HELENA — Montana lawmakers held a hearing Wednesday on a bill that would give the state the ability to resume executions through lethal injection, by changing the legal description of the drug it must use in the procedure.
The House Judiciary Committee heard testimony on House Bill 244, sponsored by Rep. Dennis Lenz of Billings.
Since 2015, the state has effectively been unable to administer the death penalty. State law requires that the Montana Department of Corrections use an “ultra-fast-acting barbiturate” as part of its procedure for giving a lethal injection. District Judge Jeffrey Sherlock, of Helena, ruled that pentobarbital – the drug the state was planning to use – did not meet that requirement, and he blocked the state from using it “unless and until the statute authorizing lethal injection is modified in conformance with this decision.”
HB 244 would make a change in that statute, allowing the state to use “an intravenous injection of a substance or substances in a lethal quantity sufficient to cause death.”
The bill was backed by Montana Attorney General Austin Knudsen, who said Montana is the only state in the country that requires an “ultra-fast” barbiturate. He said the companies making the three drugs that fit that description either stopped making them or refused to export them to the United States for use in executions. He argued Sherlock’s ruling made clear that the Legislature could change the statute to more general language, giving the state the option to use other drugs.
Knudsen said HB 244 mirrors current law in Texas and Florida, which have been conducting executions using different drugs. He argued it was the best option to withstand legal challenges.
“The language you see in front of you is what we believe is going to give us the strongest legal position to defend that and actually be able to carry out the will of this Legislature, in carrying out capital cases,” he said.
Montana currently has two prisoners sentenced to death: Ronald Smith and William Gollehon. Both men were plaintiffs in the lawsuit that led to Sherlock’s ruling against the use of phenobarbital, and both are currently held at the Montana State Prison.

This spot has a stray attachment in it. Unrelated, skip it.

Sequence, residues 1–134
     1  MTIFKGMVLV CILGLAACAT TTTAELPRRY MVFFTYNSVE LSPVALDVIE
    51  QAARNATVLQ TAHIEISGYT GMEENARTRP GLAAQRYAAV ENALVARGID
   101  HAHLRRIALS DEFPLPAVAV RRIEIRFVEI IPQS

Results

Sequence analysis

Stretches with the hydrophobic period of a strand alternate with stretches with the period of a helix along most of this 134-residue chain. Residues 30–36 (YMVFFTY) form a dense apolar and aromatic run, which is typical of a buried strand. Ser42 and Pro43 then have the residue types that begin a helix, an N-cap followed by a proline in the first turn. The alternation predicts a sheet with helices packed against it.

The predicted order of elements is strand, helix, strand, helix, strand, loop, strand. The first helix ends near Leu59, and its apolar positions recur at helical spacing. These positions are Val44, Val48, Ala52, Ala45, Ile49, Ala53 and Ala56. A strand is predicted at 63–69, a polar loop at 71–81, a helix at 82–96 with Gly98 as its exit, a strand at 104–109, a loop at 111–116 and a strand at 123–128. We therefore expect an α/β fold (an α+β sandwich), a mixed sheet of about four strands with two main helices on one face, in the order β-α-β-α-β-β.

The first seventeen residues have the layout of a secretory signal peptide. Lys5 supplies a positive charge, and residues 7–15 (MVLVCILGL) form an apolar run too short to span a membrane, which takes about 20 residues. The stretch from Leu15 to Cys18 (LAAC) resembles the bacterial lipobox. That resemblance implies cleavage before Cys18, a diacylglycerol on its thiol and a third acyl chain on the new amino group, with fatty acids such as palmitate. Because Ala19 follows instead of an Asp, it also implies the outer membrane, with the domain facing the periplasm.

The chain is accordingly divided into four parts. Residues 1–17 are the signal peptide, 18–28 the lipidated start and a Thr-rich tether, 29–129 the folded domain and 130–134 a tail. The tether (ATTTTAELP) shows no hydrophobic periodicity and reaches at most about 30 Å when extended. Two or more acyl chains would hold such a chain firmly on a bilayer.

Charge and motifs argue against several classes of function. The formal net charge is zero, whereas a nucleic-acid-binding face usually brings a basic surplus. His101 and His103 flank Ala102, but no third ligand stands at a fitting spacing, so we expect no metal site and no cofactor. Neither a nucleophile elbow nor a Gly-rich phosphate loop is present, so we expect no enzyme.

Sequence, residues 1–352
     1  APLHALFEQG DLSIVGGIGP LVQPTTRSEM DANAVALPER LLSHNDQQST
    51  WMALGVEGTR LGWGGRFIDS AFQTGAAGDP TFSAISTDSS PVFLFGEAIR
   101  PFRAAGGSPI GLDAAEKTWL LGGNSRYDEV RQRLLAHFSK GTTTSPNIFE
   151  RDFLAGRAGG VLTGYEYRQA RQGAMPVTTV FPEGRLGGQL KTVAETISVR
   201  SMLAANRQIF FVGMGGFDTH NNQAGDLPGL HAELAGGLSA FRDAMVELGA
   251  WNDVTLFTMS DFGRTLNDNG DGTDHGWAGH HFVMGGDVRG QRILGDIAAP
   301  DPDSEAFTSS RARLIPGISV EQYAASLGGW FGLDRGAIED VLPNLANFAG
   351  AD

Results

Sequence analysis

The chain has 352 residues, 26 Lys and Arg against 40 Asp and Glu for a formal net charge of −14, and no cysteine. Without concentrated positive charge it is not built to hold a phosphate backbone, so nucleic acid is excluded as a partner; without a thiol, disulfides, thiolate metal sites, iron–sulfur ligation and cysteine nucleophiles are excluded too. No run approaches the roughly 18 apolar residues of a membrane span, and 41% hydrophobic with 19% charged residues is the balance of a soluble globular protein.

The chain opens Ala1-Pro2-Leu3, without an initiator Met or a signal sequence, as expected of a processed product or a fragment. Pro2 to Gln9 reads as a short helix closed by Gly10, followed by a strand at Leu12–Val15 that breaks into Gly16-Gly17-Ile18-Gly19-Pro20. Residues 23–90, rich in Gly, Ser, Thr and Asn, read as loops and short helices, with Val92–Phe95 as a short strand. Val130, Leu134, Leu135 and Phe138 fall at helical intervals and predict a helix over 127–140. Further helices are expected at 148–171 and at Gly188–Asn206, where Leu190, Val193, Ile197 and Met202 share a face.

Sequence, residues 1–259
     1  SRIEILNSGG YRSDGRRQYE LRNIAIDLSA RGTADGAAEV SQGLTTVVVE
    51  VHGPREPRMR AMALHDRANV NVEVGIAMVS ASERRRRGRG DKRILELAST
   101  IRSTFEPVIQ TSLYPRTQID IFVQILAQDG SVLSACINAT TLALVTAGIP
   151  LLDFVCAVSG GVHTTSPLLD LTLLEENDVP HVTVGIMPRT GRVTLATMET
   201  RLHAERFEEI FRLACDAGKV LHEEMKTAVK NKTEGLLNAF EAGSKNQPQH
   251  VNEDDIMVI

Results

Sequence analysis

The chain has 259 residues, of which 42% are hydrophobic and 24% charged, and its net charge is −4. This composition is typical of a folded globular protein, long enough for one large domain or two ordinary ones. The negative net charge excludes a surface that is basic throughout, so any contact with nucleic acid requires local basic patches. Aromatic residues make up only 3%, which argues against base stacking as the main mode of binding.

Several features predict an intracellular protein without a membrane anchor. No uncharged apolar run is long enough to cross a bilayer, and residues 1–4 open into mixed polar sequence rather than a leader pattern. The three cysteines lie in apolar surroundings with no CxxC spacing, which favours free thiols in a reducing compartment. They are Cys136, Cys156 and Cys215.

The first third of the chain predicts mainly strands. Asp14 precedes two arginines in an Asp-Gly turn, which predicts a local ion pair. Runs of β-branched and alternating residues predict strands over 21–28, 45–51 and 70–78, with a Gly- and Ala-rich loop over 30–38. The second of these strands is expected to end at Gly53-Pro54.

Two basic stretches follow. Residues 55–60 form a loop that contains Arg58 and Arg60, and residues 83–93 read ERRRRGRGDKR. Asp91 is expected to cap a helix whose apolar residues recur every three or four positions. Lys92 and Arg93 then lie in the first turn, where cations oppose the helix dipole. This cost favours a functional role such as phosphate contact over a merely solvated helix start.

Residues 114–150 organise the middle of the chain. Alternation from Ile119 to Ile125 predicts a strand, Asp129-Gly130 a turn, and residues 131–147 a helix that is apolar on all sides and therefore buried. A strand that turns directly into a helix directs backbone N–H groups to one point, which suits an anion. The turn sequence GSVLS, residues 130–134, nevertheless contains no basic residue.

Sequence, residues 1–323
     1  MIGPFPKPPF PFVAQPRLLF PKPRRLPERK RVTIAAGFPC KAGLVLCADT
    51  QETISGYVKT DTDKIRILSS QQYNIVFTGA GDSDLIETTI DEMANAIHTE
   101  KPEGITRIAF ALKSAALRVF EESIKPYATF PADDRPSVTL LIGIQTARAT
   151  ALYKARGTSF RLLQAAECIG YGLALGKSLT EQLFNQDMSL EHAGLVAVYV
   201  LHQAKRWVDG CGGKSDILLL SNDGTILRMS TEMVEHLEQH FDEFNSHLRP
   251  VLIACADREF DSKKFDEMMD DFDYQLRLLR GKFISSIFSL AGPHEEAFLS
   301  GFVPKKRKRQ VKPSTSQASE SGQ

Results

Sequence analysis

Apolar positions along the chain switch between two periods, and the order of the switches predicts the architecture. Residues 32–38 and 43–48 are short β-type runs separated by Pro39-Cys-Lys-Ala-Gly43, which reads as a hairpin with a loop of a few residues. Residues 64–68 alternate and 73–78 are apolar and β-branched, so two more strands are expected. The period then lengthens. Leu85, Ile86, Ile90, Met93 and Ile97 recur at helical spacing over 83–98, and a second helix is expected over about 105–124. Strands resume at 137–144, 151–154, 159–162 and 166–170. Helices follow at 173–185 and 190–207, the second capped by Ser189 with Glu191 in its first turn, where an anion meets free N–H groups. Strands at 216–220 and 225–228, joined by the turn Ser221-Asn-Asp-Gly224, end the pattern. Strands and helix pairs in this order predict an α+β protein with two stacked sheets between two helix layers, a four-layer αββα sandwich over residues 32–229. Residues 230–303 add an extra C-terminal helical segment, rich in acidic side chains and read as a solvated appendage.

HB 244 also drew support from a number of county attorneys, including Marty Lambert of Gallatin County. Lambert is currently seeking the death penalty against Patricia Batts, a West Yellowstone woman accused of torturing and murdering her 12-year-old grandson.
“If we’re going to have the law on the books, ladies and gentlemen, the state needs to be able to carry it out,” he said.
Opponents of HB 244, including the ACLU of Montana and the Montana Innocence Project, argued the bill was too broad, and didn’t provide enough assurances that whatever execution method the state used would be painless.
“Such a broad, ambiguous statute to direct the gravest possible action that our state could take abdicates responsibility for what we are asking our civil servants to do, and it does not resolve the underlying issues,” said Sam Forstag, legislative program manager for the ACLU of Montana.
Knudsen said the state already has procedures that will ensure any future execution method will be humane. He said making the bill narrower would put them at the risk of another drug becoming unavailable.
“The specificity is what got us in trouble in the first place and has run us afoul of the courts,” he said. “That really is the reason not to be specific here.”
But SK Rossi, representing the Montana Innocence Project, said previous Legislatures had made the law specific for a reason.
“The fact that the Attorney General’s Office and the Department of Corrections, in moving the death penalty forward, are running afoul of the specificity of that statute kind of illuminates the problem,” Rossi said. “The specificity of an ultra-fast-acting barbiturate was to make this the least painful process possible. The specificity is necessary.”
During Wednesday’s hearing, committee chair Rep. Barry Usher, a Republican from Billings, asked those testifying to keep their remarks focused on the specifics of HB 244, and not on arguments for or against the death penalty. He said those discussions should be kept until later in the session, when he expects a bill to repeal the death penalty to be introduced.
Rep. Ed Stafman, a Democrat from Bozeman, has already requested a repeal bill.
According to the Montana Department of Corrections, the last time the state executed a prisoner was Aug. 11, 2006, when David Dawson was put to death.